Over the past few year’s, companies have approached the process of strategic planning in a multitude of ways. Two of the top models, which we will review in this post are, Michael Porter’s Five Forces and the SWOT Analysis.
Michael Porter’s Five Forces model has been used for decades to analyze the competitive landscape and the approach needed to perform in the marketplace.
The SWOT Analysis model is used to identify a company’s Strengths, Weaknesses, Opportunities, and Threats.
Both approaches evaluate the mission, value, and vision of your firm, with the potential to update as needed for the future direction of your business. They both identify goals, objectives, and major initiatives for the near and long-term. And finally, the last phase is to incorporate everything into an action plan that outlines your next steps. Organizations invest a significant amount of time, effort and resources into these processes, all in the hopes of achieving a road map for the future.
Is Long-Term a Long Shot?
Looking at the corporate landscape today, these traditional approaches that center on the belief that a long-term strategic plan is necessary to be successful can actually hinder the success of a firm. Technology has and will continue to disrupt the way we conduct and manage our businesses. As a result, it’s simply unrealistic to think that we can define long-term goals and plans without room for flexibility. As your leadership team deliberates on the development of your long range strategic plan, the company next door is thinking about how they are going to disrupt the competition with the next product or service. Will you let another company steal the market share because you’re spending too much time focusing on a long-term strategic plan that may be out of date in six months?
In recent talks with executives, I have discovered a new trend in organizational strategy. Many in leadership roles are taking a step back and looking at their organization in a new and very different way. During these conversations, some of the top questions I hear include:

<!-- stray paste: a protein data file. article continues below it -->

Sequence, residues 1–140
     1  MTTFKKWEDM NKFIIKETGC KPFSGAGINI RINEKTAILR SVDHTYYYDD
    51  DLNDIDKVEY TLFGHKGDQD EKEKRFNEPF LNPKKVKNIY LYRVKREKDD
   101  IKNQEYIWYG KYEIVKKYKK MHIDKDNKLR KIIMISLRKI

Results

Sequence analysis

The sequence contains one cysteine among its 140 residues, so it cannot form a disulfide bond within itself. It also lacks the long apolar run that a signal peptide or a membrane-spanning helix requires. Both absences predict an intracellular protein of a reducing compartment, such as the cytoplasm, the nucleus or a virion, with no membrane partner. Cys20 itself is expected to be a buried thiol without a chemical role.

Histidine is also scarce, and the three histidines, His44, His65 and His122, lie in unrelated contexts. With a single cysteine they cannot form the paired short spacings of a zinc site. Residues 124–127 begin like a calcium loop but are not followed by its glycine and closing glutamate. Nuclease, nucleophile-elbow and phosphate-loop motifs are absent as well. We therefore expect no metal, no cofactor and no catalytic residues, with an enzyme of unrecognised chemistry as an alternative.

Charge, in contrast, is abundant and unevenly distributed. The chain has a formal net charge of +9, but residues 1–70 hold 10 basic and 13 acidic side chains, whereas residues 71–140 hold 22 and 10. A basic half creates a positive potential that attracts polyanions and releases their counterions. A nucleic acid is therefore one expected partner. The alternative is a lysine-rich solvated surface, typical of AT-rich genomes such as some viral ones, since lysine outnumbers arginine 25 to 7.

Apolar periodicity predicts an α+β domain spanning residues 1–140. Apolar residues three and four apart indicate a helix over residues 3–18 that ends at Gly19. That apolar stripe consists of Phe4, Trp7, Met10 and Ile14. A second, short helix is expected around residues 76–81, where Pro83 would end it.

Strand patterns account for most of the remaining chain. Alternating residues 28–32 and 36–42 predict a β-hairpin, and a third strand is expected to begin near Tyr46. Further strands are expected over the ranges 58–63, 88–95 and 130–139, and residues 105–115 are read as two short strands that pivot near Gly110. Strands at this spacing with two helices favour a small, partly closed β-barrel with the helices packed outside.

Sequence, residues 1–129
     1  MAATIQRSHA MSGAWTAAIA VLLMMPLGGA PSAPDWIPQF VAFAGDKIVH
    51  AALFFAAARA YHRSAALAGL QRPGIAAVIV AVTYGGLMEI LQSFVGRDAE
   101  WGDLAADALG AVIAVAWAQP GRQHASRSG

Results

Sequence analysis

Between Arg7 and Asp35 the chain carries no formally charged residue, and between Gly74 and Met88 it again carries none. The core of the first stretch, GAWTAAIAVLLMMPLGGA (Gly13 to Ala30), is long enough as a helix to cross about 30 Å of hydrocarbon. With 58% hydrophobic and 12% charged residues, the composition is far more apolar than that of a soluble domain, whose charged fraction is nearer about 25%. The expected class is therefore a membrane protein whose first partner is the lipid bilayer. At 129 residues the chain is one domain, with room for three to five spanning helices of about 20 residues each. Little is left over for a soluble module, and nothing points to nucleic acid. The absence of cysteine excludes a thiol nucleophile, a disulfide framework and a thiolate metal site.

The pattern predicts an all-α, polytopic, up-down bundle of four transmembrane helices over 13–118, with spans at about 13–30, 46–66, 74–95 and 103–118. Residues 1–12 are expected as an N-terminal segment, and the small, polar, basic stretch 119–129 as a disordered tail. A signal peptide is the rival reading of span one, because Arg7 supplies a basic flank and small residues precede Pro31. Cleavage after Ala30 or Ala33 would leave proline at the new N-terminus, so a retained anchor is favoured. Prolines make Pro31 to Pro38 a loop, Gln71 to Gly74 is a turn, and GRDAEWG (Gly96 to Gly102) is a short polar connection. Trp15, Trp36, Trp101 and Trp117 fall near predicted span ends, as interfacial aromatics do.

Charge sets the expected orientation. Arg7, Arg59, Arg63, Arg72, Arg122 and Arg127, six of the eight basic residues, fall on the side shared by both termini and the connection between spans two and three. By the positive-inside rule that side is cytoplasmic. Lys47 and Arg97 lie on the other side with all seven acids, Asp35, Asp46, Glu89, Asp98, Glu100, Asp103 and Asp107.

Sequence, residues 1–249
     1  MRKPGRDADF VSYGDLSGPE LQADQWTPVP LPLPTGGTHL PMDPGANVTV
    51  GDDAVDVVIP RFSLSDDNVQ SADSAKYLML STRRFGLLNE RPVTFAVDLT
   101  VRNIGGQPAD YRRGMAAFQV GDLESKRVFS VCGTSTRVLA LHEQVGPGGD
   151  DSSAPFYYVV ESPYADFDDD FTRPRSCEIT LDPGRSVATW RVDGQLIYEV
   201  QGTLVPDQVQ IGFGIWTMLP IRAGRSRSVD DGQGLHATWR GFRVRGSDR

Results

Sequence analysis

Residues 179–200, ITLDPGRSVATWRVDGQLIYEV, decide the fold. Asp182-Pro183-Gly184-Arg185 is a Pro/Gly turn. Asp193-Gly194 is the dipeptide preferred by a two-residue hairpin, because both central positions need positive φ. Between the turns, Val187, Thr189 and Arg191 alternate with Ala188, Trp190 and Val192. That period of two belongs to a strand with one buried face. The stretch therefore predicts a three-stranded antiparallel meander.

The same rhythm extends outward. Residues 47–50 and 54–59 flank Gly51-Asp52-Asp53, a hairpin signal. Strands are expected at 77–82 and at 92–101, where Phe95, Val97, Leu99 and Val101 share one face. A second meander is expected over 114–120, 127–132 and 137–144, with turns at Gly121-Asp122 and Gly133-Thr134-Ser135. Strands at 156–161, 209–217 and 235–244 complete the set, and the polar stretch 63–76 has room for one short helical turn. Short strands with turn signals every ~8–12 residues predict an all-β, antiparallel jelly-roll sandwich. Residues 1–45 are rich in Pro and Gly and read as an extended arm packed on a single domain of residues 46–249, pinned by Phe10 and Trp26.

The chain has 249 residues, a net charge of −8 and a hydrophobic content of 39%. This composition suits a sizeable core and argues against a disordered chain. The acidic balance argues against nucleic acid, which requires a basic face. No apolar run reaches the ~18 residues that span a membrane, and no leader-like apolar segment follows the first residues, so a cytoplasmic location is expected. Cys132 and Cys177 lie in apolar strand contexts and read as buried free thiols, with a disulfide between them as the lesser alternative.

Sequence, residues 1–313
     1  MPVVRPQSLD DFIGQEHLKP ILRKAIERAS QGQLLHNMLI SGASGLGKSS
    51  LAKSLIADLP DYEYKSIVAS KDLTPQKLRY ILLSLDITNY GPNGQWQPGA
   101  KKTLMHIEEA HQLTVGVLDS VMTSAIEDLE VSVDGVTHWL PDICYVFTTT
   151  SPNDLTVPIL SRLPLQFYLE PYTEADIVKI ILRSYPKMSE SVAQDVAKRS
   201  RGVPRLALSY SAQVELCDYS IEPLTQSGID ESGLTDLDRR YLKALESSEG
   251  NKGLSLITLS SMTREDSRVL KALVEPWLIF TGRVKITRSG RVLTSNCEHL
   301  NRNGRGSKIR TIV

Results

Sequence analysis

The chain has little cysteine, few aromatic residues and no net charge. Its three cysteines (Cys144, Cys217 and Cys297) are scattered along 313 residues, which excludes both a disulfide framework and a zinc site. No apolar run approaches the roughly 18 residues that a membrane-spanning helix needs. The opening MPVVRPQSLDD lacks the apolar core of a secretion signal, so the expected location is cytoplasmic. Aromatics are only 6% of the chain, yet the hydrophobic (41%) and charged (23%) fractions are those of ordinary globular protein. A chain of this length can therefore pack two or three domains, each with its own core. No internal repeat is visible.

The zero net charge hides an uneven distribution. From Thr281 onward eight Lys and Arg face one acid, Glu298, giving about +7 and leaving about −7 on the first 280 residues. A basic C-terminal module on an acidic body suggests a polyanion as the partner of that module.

- Do I have the right organizational structure in place to support the strategic goals of the company?
- Do I have the right leadership team in place to help execute the action plan surrounding the strategic goals?
- Is my culture preventing the organization from being successful?
- Do I have the right talent on the bus to help achieve the desired results?
A Strategy for Change
These questions open an entirely new mindset, recognizing that organizational strategy is much more than a strategic plan. Culture, performance, and talent are all elements that must be considered and should align with your strategy. A strategy that is misaligned can quickly dissolve the original intent.
There is no crystal ball to reveal the exact path your company should take when developing your long range strategic plan. Leadership teams should not let the new dynamics of the connection economy intimidate them; rather they should embrace, adapt, and incorporate. Flexibility, agility, ability to execute, and the willingness to accept change are all key ingredients for success. Join us for our upcoming webinar, as we look deeper into this topic and provide you with a few gold nuggets to apply to your organization.